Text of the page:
Darling (Usha Uthup, Rekha Bharadwaj), inspired by the Russian song Kalinka, is one of the most flamboyant songs in recent times. It’s hard to not get swayed by the exuberance of this delightful number. The singers, especially Uthup, add to the festive spirit with their infectious rendition of what looks like a sure-fit hit! Doosri darling is a slower, more dramatic version of the original but equally appealing.
Bekaraan (Vishal Bhardwaj) is a dream. Bharadwaj’s soft vocals and Gulzar’s nazm transport you to a romantic heaven. Legendary violin maestros Ganesh-Kumaresh add a dazzling classical piece in one of the interludes, which only heightens the joy of listening to this breathtaking number. Gulzar’s lyrics grab you by surprise in O’Mama (KK, Clinton Cerejo). Who else would pen words like ‘ek meow si ladki’! KK moves into Vishal Dadlani’s territory here and is explosive in his rendition of this high-pitched rock number. In complete contrast is the acoustic version, a subtle and soft ballad.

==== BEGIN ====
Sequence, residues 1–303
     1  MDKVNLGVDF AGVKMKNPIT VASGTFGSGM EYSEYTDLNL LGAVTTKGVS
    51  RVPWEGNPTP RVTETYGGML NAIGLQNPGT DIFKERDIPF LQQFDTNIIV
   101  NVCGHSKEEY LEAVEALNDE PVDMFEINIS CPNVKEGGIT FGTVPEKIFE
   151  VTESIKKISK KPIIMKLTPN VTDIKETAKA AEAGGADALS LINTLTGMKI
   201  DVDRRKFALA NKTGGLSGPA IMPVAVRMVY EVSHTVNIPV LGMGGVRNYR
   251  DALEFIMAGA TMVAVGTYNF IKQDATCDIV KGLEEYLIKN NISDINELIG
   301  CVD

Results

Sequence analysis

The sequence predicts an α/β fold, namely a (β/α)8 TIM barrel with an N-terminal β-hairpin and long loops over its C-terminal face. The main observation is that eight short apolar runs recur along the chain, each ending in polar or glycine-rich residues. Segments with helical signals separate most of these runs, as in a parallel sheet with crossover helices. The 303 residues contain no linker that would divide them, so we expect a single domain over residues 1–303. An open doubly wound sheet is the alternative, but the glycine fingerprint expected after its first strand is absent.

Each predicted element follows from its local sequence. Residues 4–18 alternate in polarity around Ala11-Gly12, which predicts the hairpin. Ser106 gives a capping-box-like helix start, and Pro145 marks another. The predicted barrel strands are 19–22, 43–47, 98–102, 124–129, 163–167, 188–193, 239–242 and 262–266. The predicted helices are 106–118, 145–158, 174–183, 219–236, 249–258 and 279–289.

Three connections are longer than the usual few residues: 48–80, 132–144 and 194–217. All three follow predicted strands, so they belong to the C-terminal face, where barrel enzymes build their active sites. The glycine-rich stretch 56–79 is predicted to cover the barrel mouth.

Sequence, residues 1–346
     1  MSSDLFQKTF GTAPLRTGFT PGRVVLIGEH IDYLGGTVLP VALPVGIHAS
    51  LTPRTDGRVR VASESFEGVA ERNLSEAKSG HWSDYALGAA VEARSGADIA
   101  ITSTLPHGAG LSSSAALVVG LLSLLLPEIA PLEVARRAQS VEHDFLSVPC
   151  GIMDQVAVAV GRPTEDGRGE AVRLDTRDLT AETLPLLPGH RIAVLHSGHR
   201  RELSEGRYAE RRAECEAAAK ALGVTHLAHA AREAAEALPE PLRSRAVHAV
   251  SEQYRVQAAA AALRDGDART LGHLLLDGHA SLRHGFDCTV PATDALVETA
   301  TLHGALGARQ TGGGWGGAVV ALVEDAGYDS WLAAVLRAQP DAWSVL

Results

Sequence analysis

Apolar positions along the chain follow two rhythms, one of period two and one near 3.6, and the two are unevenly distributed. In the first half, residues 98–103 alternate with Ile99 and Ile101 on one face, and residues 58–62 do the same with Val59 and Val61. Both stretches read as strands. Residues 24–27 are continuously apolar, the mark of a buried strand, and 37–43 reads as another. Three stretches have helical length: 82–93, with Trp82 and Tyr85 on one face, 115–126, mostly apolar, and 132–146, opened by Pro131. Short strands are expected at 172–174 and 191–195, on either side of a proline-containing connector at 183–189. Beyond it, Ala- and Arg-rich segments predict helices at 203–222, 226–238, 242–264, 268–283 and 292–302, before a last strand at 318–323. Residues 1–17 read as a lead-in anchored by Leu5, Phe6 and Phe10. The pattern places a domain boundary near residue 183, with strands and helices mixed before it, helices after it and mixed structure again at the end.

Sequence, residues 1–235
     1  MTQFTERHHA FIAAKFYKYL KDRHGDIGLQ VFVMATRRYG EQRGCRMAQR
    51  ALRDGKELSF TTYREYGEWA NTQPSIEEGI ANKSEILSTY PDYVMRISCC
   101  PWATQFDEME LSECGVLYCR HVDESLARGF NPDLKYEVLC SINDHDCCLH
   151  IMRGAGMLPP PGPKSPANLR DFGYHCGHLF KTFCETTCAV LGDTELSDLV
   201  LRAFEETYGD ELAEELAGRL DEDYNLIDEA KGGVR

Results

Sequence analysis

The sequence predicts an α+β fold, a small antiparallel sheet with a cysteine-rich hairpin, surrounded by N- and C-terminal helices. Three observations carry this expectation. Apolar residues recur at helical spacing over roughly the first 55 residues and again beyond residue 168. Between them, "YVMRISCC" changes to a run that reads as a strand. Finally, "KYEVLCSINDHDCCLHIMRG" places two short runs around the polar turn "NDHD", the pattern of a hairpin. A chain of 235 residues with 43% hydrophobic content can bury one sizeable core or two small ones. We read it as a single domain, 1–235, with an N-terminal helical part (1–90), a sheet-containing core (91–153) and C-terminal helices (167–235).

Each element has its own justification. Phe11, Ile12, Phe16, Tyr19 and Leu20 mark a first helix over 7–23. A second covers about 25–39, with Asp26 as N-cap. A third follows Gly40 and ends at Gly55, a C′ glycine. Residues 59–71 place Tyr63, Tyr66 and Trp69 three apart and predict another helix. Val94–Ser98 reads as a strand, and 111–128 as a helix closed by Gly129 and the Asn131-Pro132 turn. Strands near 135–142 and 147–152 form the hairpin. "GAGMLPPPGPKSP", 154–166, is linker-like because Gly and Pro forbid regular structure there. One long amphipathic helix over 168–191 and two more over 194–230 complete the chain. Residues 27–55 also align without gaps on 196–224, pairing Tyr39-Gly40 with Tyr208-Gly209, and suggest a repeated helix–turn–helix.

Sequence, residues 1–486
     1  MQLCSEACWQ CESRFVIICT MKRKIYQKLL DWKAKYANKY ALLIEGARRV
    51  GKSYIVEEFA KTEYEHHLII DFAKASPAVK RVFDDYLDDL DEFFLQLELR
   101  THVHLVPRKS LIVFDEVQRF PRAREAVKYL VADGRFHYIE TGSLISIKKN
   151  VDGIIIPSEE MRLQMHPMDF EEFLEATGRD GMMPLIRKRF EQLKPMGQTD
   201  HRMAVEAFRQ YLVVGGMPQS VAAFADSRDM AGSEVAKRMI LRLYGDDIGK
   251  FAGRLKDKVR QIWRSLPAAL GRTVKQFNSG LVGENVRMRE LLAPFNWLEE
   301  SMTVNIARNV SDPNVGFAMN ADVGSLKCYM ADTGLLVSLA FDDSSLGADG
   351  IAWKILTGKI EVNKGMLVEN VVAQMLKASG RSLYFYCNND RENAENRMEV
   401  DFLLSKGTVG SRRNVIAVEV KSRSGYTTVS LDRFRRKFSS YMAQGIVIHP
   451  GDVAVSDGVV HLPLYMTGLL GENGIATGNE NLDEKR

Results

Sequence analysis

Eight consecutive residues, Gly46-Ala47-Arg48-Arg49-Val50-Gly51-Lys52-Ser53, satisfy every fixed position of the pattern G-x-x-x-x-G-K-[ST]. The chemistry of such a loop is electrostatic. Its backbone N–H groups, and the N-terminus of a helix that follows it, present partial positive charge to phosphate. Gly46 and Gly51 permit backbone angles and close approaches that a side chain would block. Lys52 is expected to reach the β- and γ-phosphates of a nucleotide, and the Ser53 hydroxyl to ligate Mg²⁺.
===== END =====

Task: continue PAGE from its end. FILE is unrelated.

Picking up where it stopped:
Niladri Kumar’s exquisite sitar piece is one of the highlights of Awaara. Master Saleem’s poignant vocals compliment Bhardwaj’s Sufi-style composition perfectly. An intoxicating fusion of Indian classical and Middle Eastern sounds, Awaara is super addictive. A must-listen!
Bhardwaj has always got the hugely talented and under-utilised Suresh Wadkar to sing in all his films. Here, Wadkar makes his appearance in Tere liye, a soothing love song, and he does full justice. Yet another prominent feature in this track is the presence of Pandit Vishwa Mohan Bhatt with his Mohan Veena.
Dil dil hain explodes almost angrily with Suraj Jaggan’s powerful vocals, but doesn’t quite have the spunk to engage. And Yeshu (Rekha Bhardwaj) is a heart-rending prayer depicting the plight of the protagonist in the film.
If you’re an admirer of the Bhardwaj/Gulzar combo, the soundtrack of 7 Khoon Maaf will surely not disappoint you.
Verdict: Must Buy!